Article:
Duration1- 4 May 2017
How is good governance achieved in states that have collapsed? Participants will develop effective strategies for establishing stable institutions and supporting a robust civil society. Dynamic modules will address the inter-relationship among issues of corruption, accountability, rule of law, elections, political party development, public administration, and economic reconstruction in divided societies.
Although elections are an essential component in a democratic transition, a successful strategy for effective governance must also include an interim government that is seen as legitimate in the eyes of the people and the international community, a written constitution, a strengthened justice system, and an engaged civil society. Participants will learn how to develop an action plan for promoting good governance in a particular transition environment, and will apply lessons learned to current war-to-peace transitions. This course will also pay special attention to the role of the United Nations and the United States in peace implementation and state building.
For any details regarding the course Governance and Democratic Practices in War-to-Peace Transitions, kindly follow the link.
Professionals – diplomats, lawyers, legal advisers, judges, NGO staff, human rights advocates, media specialists, professionals working in emergency situations, UN staff and staff from other international organizations – who are not enrolled in the Executive Master and who want to deepen their expertise in this specific issue.
Duration6 April - 4 May 2017
This course provides a concise and systematic treatment of the peacebuilding process in post-conflict and fragile situations. It adopts a holistic definition of peacebuilding that includes social, political and economic dimensions. It also focuses on the role of the different stakeholders involved and emphasizes the importance of ownership and inclusiveness as well as the need to tailor the process to the specific peculiarities of each situation. The course critically examines the role, achievements and failures of the UN Peacebuilding Commission established in 2005, taking into account the report of the UN Advisory Group of Experts delivered in 2015. It then considers all components of the peacebuilding process in a systematic manner, with a view to offering an innovative approach combining the socio-political issues with economic growth in a sustainable development perspective. The last session of the course is devoted to a case study.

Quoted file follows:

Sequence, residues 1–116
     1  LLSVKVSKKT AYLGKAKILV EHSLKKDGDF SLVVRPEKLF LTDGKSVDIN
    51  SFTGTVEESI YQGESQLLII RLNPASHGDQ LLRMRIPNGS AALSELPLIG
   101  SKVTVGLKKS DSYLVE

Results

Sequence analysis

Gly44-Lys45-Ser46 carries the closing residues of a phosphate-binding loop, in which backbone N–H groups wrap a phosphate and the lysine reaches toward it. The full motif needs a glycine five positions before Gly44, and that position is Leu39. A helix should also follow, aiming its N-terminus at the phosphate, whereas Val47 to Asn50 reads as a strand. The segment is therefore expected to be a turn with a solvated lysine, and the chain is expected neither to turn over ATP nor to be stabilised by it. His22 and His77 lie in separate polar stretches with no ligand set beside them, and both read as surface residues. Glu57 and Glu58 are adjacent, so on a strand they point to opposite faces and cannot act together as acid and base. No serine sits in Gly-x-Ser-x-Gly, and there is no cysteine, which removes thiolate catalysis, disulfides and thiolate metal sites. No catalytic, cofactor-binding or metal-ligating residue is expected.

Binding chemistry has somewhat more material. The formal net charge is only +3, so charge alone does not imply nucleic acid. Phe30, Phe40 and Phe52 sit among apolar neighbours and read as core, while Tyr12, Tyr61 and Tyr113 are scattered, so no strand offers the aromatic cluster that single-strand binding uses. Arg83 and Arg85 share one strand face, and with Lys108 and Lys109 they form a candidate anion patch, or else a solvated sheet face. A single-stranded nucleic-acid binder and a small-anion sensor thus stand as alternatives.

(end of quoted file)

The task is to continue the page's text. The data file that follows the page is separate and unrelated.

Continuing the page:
For any details regarding the course Peacebuilding in post-conflict and fragile situations, kindly follow the link.
This course is designed for officials from governments and international organisations, as well as members of the military who are in charge of strategy, security and defence policy planning and intelligence. Journalists, engineers and people working in research and development as well as in the defence industry may also be interested in this module. The course is relevant to anyone with a professional interest in understanding international security challenges of the future.
Duration22-23 March 2017
Humanity’s growing dependence on space and space assets raises contentious issues. Discussions about the responsibility of humanity’s use of space has become increasingly critical, whether the topic is purely practical, such as mitigating space debris and orbital congestion or, with the advent of new technologies and new actors, has more wide-ranging consequences for governance and space politics. This course offers a comprehensive analysis of the role of space security in a myriad of fields.
For any details regarding the course The Future of Outer Space Security, kindly follow the link.
This event is targeted to humanitarian practitioners in the PHAP membership, but is open to the public.
PHAP is going to host this online learning session in its series on humanitarian law and policy. Protracted conflicts such as those in Syria, Iraq, Sudan, the Democratic Republic of the Congo, and elsewhere, often combined with natural disasters and food crises, have contributed to an unprecedented number of people fleeing their homes – many being displaced within their own countries. The estimated number of IDPs in the world is currently double that of the number of refugees. However, while the causes for their displacement can often be the same, refugees and IDPs are not provided the same protection under international legal frameworks.
For any details regarding the Legal protection of internally displaced persons (IDPs), kindly follow the link.
The course is designed for experienced practitioners and policy professionals, including staff of government agencies, NGOs, and the UN, and others involved in conflict areas, such as journalists, members of the military, and scholars. Participants in the Thematic Workshops are expected to have completed the Core Professional Training in Humanitarian Law and Policy.
Duration17-18 May 2017
The “conduct of hostilities” is closely connected to the protection of civilians in armed conflict. Rules that govern what is a lawful military target may also determine when and how civilians must be protected. In this thematic workshop, participants comprehensively explore the international humanitarian law (IHL) rules governing the conduct of hostilities. The course also spends time on special protections that IHL gives to specific categories of people and objects, such as medical personnel and facilities, women, and children. Led by expert academics and practitioners, this workshop calls attention to the practical relevance of the law in humanitarian contexts and tailors discussion to challenges faced by those in the humanitarian community.
For any details regarding the Thematic Workshop on Conduct of Hostilities and the Protection of Civilians, kindly follow the link.